The hardest thing about writing is writing.
The actual act of writing—the sitting in the chair, the stilling of the mind so that the buzz of thought clarifies into one clear idea, the placing of fingers on the keyboard (or pen to paper if you’re really old school), the act of scrawling–the stringing together of letters, words and paragraphs to create a cohesive story—is downright difficult. Writing can be so demanding that the addictive itch of procrastination is enough to make the process nearly impossible.
Take cleaning the bathroom, for example. As tasks go, most people would rather assign the job to someone else. But when writing gets tough, cleaning the bathroom becomes a very fun idea. Or laundry. Laundry can always perk my interest when I’ve got something complicated to write. Checking email or Stumbling through a series of websites just to see where I end up, always entertains. Dusting can be fun when I can’t get my brain wrapped around a story. I love the immediate gratification of seeing a once dirty ledge become clean—just with a simple swipe of my hand!
Based on my procrastinating history it seems that reorganizing the refrigerator, eating a banana, brewing a perfect pot of tea, pacing, reading hundreds of other peoples’ blogs, sweeping, washing dishes, bleaching grout, or making long overdue phone calls with long-lost cousins I haven’t talked to in decades can be much, much, more appealing than writing.
However, I must admit, crafting a really great sentence does give me goose bumps. A well-polished paragraph makes me want to dance, sing, and show off. Truth be told, writing a great story makes me feel like a hero. Dusting never makes me feel like that.
But now that I write about food, I find that it is much easier for me to get my butt in the chair, put my fingers on the keys, and listen for the words to come—granted, a string of sentences can sometimes take me hours, but they do come. The act of writing about food makes me less prone to postpone my work on a regular basis. I’m much more disciplined now. I have to schedule myself to clean the bathroom or bleach the grout. You should have seen my home during my screenwriting days.
So when it comes to my blog—the place where I dedicate many hours to food writing—the last thing I want to consider is search engine optimization. As a matter of fact, it took me nearly half a year before I knew 1) what SEO was (search engine optimization) 2) why I should think about such things.
When I started the blog, my main goal was to do the work and eventually have people find me. I was operating from the Field of Dreams build-it-and-they-will-come philosophy. Though I did receive some immediate recognition, my modest approach didn’t exactly make me an overnight success. I continued to write frequently, but my low traffic numbers started to concern me. What was I doing wrong?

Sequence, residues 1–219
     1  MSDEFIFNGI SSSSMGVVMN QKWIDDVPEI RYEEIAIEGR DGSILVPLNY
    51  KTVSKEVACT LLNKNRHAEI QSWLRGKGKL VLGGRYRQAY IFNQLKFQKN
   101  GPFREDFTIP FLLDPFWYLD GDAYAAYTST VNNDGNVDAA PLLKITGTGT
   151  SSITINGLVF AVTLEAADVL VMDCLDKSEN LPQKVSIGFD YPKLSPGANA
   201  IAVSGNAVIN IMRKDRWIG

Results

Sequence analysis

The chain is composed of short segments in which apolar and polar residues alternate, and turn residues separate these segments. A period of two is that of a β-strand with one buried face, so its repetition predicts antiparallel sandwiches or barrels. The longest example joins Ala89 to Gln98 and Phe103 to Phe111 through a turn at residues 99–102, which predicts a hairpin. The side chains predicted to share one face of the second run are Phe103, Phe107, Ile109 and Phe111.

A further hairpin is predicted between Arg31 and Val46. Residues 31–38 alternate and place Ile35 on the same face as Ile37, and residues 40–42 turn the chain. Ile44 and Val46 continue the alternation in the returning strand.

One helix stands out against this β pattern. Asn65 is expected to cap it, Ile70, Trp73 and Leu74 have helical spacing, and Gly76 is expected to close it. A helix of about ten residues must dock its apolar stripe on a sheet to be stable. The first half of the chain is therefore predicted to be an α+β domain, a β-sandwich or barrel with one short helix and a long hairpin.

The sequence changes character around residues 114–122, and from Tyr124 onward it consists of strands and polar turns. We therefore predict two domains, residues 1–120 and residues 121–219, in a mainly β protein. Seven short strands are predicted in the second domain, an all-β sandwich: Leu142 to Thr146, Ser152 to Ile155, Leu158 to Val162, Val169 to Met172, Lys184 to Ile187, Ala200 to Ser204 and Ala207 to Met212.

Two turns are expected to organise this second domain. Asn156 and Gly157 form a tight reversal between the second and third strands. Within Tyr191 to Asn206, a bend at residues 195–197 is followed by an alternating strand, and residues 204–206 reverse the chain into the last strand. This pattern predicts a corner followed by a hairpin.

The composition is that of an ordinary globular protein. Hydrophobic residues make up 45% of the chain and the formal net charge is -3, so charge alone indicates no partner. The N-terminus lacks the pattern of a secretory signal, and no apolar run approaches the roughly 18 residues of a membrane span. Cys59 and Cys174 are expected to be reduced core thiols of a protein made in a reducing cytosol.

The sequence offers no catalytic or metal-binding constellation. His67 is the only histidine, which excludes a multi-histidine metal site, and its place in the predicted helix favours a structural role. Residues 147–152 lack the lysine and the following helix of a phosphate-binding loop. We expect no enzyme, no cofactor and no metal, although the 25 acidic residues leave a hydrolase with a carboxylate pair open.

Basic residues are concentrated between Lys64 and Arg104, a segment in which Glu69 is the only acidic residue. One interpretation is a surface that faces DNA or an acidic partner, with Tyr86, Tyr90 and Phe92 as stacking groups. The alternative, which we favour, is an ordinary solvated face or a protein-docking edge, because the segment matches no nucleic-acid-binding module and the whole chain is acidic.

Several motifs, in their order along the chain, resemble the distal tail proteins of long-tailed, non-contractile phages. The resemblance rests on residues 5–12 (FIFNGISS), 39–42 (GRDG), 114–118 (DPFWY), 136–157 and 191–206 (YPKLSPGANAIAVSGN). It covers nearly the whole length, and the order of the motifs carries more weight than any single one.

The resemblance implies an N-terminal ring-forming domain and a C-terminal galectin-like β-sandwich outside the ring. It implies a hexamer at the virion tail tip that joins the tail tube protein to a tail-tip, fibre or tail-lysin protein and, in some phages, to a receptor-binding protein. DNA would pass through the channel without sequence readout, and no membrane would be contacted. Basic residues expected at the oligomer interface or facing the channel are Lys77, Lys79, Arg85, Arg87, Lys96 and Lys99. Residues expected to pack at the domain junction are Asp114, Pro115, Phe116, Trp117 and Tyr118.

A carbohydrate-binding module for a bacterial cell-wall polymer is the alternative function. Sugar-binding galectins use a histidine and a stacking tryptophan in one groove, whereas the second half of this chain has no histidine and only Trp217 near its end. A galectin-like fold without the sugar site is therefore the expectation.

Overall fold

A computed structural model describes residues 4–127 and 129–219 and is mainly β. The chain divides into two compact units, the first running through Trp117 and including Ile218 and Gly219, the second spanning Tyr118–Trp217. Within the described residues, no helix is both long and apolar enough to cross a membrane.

After one long week of procrastinating (researching what SEO was, how one can improve SEO, how much it costs to have someone tell you how to be seen on line), I discovered Lotus Jump, a relatively inexpensive way to improve websites’ search engine ranking.
MAKING SEO FUN
Lotus Jump, I discovered, is an Internet based SEO software service that creates custom link-building tasks that helps boost websites authority and rankings. After watching the demo, I understood the service to be sort of like an in-house consultant that I could turn to whenever I wanted.
Since I didn’t have a lot of money to spare, I decided to sign up for a month to check it out. I’m still in the beginning stages of working with Lotus Jump, but within a month of doing the assigned tasks—and I haven’t been going crazy doing everything, else consider myself a full time SEO procrastinator–I’ve already seen a 100 percent jump in my traffic.
If you’re a blogger and have no idea what SEO is, then I suggest just taking a peek over at their website and see how it works. (Full disclosure: I am NOT getting paid to write about Lotus Jump. I will, however, be featured on their blog.) Lotus Jump offer a seven day trial for free, so if you want to get a crash course in SEO, go over to their site and sign up for a week. I can’t say that Lotus Jump is perfect. They still need to work out some kinks for us food blogger types (i.e. not all of their suggested activities are applicable) but they seem open to suggestions and the activities themselves are an excellent way to train yourself to think about maximizing your efforts in building yourself a bigger readership. Maybe I’ll continue using them, maybe I won’t. I’ll give it some more time to see if it’s worth it.
In the mean time, as much as working the lists of Lotus Jump feels like procrastinating, it has had verifiable benefits. Using Lotus Jump’s guided to-do lists have created a huge (100 percent) increase in my blog’s traffic in a very short time. In short, time on Lotus Jump equals better SEO ranking.
My goal as a writer is to continue to write great content increase my readership. Lotus Jump has helped guide me through SEO and, most importantly, taught me to think about SEO as part of the writing process, not procrastinating.